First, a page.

• If authorised to represent the organisation within social media, what guidelines should be followed.
  • Whether non-authorised people are allowed to identify themselves as someone connected with the organisation when using social media in their private lives.
  • Whether access to social media will be allowed during work hours and if so, what limits should be followed.
  • How the organisation will monitor usage and what it will do with information gained from such monitoring.
  • The need to protect the organisation’s confidential information.
  • Whether employees have a positive obligation to inform the organisation if they become aware, even in their private use of social media, of comments made about the organisation.
  • Potential ramifications of breaching policy.
  • Who the policy applies to, namely does it only apply to employees or does it apply to all workplace participants.

Further to Tim’s excellent advice, HRwisdom always recommends that employers be proactive and plan ahead.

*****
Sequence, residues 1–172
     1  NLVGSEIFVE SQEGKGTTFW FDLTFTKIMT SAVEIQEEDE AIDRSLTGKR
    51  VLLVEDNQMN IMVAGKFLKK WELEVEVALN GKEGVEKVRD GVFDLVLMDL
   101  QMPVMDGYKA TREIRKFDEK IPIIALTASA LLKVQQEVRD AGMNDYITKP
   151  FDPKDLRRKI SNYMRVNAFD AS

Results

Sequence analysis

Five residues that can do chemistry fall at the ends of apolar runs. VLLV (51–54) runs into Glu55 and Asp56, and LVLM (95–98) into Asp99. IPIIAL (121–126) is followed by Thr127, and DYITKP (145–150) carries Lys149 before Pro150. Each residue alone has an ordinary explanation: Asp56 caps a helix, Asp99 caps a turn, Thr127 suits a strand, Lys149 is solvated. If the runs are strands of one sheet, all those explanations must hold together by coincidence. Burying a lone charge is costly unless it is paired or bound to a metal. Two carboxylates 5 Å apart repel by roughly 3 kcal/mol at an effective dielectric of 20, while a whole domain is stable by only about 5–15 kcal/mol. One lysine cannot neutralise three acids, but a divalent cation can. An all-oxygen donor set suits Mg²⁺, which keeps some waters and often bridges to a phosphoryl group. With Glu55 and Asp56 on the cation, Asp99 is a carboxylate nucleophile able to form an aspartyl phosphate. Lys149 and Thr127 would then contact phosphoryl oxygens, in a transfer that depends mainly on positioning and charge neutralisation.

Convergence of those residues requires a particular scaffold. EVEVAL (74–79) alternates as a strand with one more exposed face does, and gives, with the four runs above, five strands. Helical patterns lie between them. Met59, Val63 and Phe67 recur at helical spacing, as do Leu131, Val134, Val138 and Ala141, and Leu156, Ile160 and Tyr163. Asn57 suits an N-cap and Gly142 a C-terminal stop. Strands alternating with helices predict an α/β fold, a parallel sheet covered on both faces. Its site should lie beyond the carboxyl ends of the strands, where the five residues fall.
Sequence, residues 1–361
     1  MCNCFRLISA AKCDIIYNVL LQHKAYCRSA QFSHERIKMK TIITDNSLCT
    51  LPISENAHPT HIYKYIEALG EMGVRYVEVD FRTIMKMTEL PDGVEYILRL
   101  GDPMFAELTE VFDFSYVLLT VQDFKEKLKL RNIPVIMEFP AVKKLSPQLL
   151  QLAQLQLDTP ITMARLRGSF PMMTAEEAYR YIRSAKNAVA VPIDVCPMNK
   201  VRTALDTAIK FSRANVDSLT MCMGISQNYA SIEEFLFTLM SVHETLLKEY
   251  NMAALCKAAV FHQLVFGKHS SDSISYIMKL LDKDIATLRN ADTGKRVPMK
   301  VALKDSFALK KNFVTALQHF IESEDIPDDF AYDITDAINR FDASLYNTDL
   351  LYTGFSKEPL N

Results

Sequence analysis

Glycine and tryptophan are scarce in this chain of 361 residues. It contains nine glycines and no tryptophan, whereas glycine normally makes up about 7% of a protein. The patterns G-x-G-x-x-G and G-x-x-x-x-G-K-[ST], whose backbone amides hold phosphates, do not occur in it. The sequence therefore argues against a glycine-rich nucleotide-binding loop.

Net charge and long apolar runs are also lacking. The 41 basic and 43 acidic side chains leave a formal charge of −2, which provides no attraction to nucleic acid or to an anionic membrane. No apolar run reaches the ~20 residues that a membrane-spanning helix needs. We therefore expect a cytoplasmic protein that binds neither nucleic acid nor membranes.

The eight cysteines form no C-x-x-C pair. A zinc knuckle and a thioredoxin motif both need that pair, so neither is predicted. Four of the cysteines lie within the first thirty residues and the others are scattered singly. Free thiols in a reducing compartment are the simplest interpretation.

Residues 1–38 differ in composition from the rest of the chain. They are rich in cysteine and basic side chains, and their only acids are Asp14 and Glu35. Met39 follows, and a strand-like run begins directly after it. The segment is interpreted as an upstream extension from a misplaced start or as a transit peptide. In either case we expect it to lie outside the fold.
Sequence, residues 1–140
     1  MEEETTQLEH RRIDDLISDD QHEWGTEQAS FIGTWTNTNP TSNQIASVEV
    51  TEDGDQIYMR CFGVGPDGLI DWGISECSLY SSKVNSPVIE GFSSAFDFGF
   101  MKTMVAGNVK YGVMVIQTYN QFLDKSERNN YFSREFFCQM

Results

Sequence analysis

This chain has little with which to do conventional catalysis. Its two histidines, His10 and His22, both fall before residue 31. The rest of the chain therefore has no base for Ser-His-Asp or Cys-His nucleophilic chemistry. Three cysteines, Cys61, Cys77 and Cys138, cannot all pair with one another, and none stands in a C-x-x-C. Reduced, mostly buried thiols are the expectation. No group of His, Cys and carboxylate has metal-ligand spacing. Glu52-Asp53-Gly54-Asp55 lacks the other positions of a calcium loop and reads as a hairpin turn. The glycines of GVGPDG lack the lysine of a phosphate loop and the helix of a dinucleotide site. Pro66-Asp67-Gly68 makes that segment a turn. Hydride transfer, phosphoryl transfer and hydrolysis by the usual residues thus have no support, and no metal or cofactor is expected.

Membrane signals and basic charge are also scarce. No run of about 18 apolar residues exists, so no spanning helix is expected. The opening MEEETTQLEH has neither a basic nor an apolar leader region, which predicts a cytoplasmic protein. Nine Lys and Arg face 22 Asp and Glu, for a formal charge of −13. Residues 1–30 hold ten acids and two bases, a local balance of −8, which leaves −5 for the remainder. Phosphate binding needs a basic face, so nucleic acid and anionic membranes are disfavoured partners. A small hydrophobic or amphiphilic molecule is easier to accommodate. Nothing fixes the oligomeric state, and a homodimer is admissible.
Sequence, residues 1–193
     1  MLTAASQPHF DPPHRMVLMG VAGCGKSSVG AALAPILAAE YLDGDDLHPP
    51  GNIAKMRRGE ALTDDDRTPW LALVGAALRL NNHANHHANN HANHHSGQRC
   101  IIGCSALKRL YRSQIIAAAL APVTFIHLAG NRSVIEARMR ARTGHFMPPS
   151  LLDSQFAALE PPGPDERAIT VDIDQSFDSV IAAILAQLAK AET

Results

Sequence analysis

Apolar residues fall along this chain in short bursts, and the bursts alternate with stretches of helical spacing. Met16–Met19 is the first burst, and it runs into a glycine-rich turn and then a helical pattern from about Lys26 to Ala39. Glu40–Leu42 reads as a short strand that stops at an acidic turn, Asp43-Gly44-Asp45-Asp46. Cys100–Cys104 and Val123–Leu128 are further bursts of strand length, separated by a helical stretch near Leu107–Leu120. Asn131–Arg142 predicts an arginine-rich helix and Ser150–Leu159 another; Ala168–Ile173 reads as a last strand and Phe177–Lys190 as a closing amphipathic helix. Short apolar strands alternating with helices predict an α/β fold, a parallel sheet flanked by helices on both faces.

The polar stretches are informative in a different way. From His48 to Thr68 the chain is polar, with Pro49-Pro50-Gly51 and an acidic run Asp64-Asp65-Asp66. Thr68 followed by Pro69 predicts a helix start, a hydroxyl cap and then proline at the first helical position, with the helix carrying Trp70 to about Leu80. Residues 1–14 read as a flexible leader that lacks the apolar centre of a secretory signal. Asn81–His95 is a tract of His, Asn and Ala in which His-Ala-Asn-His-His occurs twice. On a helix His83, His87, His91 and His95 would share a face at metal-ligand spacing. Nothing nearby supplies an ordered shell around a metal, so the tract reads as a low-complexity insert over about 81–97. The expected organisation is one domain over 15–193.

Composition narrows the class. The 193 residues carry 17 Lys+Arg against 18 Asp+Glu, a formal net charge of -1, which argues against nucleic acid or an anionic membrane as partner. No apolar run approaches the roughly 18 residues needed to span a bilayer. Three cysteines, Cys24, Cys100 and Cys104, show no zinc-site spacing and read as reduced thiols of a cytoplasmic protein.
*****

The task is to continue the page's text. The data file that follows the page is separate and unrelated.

Such an approach is just smart business, particularly when it comes to the new world of social media.

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To get in touch with Tim Capelin, you can find his contact details here: employment law advice Sydney.

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The Australian Union Movement vs Monty Python

In a recent HRwisdom Blog post, we looked at how industrial action and strikes in Australia are measured and reported.

We also looked at the recent change in the number of working days lost to industrial action.

The article drew on information from both the ABS (Australian Bureau of Statistics) and the Sydney Morning Herald.

To see the specific HRwisdom Blog post, click here: Strike Action On The Rise?

Australian Unions Re-Work A Classic

Australian Union CampaignHowever, as a sidebar, our investigation into Australian strike activity led us to a golden oldy from an old union campaign.

The union movement’s ‘YourRights At Work’ was, by most assessments, an extremely successful media campaign which had a significant impact on Australian politics at the time.

Here at HRwisdom we’re wondering if the video below rings any bells for fans of Monty Python?

If so, feel free to share this excellent re-working of an old classic.

Enjoy . . .

Warning: A couple of rude words make an appearance during the video.

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Strike Action On The Rise?

With high profile strikes being seen in recent times in the education sector, aviation industry as well as the construction sector, HRwisdom has taken a quick peek at what’s actually happening from a numbers perspective.